Feared worse than any other creature, big or small in Bermuda is the dreaded centipede. Large and venomous, just the thought of a centipede is enough to unnerve even the strongest of humans. Once thought to only inhabit St. David’s, the centipede has successfully made its way West, striking fear in all who inhabit Bermuda’s shores.


1. One way to deter them, because they have no problem entering homes, is to have toads nearby, especially females ones. But there are fewer toads in Bermuda now than in the past. They typically enter houses while seeking prey and end up trapped inside and are required to make nests in damp, cool, protected areas to survive. Another effective way to dissuade them from entering is by maintaining debris and tall vegetation back from walls.


2. The St. David’s centipede (scolopendra subspinipes) was known to inhabit more of the eastern parishes of the island but can now be found on the west end as well. This centipede, also known as the tropical centipede, was dispersed to other parts of the island due to the nests being collected by the trash system or on the horticultural waste collected from woodland areas and parks.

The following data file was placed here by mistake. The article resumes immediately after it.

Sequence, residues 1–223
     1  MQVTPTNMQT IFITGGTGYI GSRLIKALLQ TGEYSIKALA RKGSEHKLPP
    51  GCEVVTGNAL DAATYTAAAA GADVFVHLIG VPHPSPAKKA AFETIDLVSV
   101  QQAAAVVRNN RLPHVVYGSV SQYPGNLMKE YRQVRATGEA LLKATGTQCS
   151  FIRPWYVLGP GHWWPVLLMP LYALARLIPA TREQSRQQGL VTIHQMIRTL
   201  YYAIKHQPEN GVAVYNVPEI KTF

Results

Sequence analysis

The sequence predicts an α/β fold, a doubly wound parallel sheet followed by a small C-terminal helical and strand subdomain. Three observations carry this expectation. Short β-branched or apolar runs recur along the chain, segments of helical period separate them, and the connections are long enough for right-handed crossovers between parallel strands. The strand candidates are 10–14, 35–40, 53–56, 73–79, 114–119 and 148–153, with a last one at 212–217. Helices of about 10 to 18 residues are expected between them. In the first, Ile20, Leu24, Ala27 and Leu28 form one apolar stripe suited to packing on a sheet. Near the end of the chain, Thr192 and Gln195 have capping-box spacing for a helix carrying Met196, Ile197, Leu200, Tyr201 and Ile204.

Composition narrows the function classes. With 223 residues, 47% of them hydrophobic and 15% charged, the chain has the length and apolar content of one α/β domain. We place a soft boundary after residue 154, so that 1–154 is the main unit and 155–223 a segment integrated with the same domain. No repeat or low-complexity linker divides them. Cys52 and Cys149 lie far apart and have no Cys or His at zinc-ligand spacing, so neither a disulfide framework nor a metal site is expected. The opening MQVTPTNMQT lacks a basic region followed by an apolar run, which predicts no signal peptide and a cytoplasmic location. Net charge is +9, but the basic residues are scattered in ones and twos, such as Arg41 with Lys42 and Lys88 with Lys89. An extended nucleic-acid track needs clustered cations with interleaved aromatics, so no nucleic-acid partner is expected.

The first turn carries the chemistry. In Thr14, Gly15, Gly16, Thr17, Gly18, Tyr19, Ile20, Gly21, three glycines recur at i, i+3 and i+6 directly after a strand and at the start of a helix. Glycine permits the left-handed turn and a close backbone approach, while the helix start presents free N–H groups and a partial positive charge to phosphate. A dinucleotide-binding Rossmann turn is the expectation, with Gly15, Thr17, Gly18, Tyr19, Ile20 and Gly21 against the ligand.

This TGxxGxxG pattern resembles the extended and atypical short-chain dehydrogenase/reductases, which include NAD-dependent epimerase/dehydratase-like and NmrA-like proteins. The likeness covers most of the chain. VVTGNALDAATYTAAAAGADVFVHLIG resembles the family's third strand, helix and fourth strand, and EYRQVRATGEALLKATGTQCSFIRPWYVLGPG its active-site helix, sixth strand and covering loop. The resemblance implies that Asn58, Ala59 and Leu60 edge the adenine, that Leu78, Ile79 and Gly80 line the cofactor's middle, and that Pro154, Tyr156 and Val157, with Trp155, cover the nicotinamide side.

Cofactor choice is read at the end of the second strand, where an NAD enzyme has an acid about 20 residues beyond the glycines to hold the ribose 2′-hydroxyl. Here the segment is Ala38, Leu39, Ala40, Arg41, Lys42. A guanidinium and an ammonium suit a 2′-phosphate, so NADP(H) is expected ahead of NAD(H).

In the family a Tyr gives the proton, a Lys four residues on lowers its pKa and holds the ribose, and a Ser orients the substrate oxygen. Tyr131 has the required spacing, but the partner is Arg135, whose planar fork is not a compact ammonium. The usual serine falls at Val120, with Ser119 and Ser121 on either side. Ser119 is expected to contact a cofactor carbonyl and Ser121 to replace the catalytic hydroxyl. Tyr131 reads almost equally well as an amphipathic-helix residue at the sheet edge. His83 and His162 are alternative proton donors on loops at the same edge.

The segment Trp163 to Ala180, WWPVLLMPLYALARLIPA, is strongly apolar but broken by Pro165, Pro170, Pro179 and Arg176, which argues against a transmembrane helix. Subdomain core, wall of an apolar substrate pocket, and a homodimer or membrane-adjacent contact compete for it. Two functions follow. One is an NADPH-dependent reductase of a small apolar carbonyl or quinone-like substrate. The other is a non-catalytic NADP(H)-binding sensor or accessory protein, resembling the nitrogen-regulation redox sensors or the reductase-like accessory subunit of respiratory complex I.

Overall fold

3. Centipedes carry their venom in the powerful pincers below their head and their bite can be as painful as a bee sting. They typically feed on small insects but can be prolonged. People allergic to bee or insect stings could experience serious problems if bit.


4. The tropical centipede has been on the island for years but is nocturnal and only seen during the daytime if it has been disturbed. They are huge and can be up to a foot long!


6. Their favorite weather conditions include lots of rain because it means plenty of food and damp places for them to build their homes.


7. The centipedes that you find in your garden are much smaller and measure around two to three inches long, which makes them distinguishable from the tropical centipede. They are beneficial to the gardener as they feed on small insects and do not bite.


8. Finally, the house centipede, although similar in size to the garden centipede has longer spindly legs and are typically only found inside homes and buildings.